Fyah Inna Babylon – A Marxist in the Media
I woke up one morning with a three-hour weekly radio show. The show was to be in the evening ‘specialist’ slot on Fridays and was called ‘Roots, Rock, Reggae’. I’ve always loved Jamaican music and for a Socialist ‘Roots Reggae’ is a perfect genre with its 100 percent political lyrics. Made in the ghettos of Kingston, these are songs of liberation: as I used to say, ‘the conscious thunder of righteous rhythms’. On the death of Bob Marley there was a slow drift back to ‘gangster ragga’, as Jamaican music lost its way in the eighties. After joining a reggae collective in 2000 I was relieved to find that not only ‘old school’ roots was back in favour, but a whole new generation of conscious musicians were rocking to the sound of liberation once again. I had not really expected to get the job as I had explicitly stated that my show would have to have a high political content. I was not interested in the usual ‘pick and mix’ entertainment genre.
Don’t get me wrong – I had a lot of respect for some of the other DJ’s with their in-depth knowledge of specific music genres. I just wanted to discuss the ideas that the lyrics and rhythms of roots reggae provoke – liberation, righteousness, Zion and the Babylon System, etc. Truth be told, it was a great opportunity to air some socialist ideas on live radio (a rare thing these days).
Everything started pretty well and I even got away with not playing ’The News’ in the middle of my show on the grounds that Murdochian propaganda would not go down well with my ‘audience’. My idea was to pick a theme or two from the lyrics and discuss the political implications. There’s something called ‘dub reggae’ (an enhanced instrumental track) that would keep the rhythm going as I pontificated. One such deliberation concerned the vexed subject of the reactionary and progressive elements within Rastafarianism. I have been called a hypocrite by some Rastas because I play the Roots but reject the spiritual part of its message. I attempted to point out that, as in most religions, because of its absence on earth, the need for justice is projected into another supernatural or spiritual realm. The yearning for righteousness is a very human ideal born of the suffering endemic within the exploitation of Capitalism (the Babylon System) and is shared by Socialists. Once you relegate political action to the mystical caprice of a deity (Jah) you inevitably produce an authoritarian social structure, with God and his prophets on top and the rest of us somewhere below – always anti-democratic and reactionary. Such was the polemical nature of my broadcasts. When I started, the ‘boss’ had taken me to one side and said: ’make the show you would want to listen to’ – and this is precisely what I did.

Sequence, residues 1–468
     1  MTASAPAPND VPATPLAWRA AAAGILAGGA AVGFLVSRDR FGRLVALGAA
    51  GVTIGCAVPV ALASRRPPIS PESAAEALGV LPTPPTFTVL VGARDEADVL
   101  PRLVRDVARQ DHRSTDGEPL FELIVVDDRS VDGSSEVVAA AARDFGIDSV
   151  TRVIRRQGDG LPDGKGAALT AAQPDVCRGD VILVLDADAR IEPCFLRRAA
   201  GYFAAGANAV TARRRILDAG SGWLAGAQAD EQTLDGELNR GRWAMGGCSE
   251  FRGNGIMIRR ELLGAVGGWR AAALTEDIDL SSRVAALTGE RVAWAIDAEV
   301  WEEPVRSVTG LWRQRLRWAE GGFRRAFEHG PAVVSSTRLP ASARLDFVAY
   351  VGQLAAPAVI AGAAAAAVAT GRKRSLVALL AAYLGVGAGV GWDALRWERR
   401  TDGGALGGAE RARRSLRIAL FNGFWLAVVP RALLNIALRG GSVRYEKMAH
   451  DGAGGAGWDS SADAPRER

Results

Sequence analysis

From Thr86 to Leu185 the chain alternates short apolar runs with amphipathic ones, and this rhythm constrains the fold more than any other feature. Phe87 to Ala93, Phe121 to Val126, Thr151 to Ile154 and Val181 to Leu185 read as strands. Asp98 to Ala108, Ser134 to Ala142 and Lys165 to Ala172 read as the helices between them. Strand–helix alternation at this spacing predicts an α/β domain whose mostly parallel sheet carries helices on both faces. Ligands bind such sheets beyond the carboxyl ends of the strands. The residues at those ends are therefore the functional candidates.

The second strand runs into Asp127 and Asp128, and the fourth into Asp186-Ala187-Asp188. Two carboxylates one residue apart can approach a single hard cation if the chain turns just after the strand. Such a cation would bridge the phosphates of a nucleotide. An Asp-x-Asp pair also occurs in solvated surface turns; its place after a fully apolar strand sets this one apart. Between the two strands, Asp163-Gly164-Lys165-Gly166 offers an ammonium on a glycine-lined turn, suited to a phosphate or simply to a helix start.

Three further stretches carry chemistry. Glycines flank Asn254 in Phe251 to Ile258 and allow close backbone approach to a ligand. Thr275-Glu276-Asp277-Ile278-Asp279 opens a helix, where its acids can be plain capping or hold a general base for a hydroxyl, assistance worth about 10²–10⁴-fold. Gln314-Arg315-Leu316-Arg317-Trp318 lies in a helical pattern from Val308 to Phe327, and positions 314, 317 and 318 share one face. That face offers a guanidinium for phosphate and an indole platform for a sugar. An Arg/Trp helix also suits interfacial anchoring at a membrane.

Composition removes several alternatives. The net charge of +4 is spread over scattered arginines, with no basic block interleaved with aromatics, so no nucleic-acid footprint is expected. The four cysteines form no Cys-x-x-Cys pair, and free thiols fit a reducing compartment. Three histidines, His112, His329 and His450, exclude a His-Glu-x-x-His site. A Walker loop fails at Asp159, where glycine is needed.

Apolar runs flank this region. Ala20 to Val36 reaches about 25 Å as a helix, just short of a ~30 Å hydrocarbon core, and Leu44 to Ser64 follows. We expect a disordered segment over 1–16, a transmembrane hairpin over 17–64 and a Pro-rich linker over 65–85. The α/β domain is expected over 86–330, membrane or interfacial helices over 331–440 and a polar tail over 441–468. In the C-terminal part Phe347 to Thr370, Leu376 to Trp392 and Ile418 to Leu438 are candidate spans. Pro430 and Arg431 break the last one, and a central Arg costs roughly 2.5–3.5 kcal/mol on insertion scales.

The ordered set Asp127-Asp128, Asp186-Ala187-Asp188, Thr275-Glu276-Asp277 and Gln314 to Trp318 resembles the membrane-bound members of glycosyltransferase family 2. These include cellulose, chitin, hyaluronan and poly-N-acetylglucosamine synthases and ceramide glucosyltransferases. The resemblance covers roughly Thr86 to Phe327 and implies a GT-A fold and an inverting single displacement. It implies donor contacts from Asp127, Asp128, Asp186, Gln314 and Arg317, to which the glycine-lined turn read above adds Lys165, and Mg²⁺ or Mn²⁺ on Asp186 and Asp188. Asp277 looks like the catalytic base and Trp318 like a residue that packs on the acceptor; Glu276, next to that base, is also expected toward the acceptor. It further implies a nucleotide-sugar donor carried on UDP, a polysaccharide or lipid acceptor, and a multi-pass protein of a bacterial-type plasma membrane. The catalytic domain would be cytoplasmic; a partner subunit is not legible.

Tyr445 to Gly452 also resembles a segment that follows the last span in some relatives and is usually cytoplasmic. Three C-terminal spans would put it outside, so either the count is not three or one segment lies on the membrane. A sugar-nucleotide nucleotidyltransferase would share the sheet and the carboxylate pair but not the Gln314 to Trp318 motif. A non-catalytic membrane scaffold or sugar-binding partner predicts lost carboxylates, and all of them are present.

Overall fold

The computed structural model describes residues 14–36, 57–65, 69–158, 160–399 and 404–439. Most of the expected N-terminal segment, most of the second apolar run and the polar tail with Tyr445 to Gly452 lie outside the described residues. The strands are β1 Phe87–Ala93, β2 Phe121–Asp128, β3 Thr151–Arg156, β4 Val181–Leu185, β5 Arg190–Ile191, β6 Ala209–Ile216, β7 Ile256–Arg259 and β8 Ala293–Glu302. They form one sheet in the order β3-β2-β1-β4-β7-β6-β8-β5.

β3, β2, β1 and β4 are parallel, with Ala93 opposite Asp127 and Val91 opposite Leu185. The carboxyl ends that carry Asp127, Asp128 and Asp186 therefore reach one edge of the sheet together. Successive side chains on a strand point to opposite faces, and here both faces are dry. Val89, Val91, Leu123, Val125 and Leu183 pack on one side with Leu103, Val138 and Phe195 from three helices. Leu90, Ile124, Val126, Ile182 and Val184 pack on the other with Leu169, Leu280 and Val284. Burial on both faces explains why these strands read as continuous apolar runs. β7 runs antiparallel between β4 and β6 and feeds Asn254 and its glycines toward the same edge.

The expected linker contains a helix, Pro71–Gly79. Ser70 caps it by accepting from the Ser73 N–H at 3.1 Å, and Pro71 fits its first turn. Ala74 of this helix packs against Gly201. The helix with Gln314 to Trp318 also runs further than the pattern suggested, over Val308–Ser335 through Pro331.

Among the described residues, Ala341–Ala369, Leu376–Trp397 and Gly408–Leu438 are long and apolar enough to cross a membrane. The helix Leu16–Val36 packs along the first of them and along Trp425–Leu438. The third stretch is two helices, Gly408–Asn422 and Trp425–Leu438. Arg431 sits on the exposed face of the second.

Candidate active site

Before finding myself on the other side of the microphone I had nursed a contempt for local radio. The blandness, let’s be honest, is mind numbing. The mindless repetition of ‘petit bourgeois’ propaganda masquerading as community radio is politically laughable. And yet, as I learned, the people involved are normal human beings, totally oblivious to their role in perpetuating the values of the capitalist obscenity. They are obsessed with something they call ‘professionalism’. Any minor technical mistake or, much to my amusement, the use of inappropriate language is anathema. Turf wars with other radio stations is another obsession that feeds the fragile egos of those who are terrified by the endless ‘rules and regulations’ of broadcasting. It is this atmosphere that produces the blandness which so disfigures local radio and renders it politically impotent – and is, of course, the very intention of this kind of broadcasting censorship. To many broadcasters and consumers alike, music has become just another commodity with beautiful people singing beautiful songs with beautiful voices 24/7. Perfect nonsense fills the airwaves to feed the sick romance of lifestyle consumerism. And yet a show like mine found its way through the cracks for a while. What it so obviously lacked in ‘professionalism’ it made up for in ‘novelty’. I tried, as the rastas say, to ‘keep it real’ and forbad any political cynicism for three hours a week. So, I hear you ask, what could possibly go wrong and why is this great gift to radio no longer broadcasting?
The cost of running even a modest local radio station, even staffed with volunteers like me is prohibitive, and without advertising revenue it became impossible for the individuals involved to continue financing it themselves. Licences for FM, DAB and online broadcasting are astronomical and serve the dual purpose of financing the treasury and keeping those without money off the airwaves. Just for a while there, I was able to indulge two of my great passions in life, reggae music and socialism. The Devil doesn’t have all the best tunes and I’m sure conscious reggae roots will once again provoke revolutionary vibes on local radio somewhere. I’m just relieved my comrades didn’t hear me utter the phrase ‘Jah Rastafari’ at the conclusion of one of my more emotionally intense broadcasts – love is a funny thing.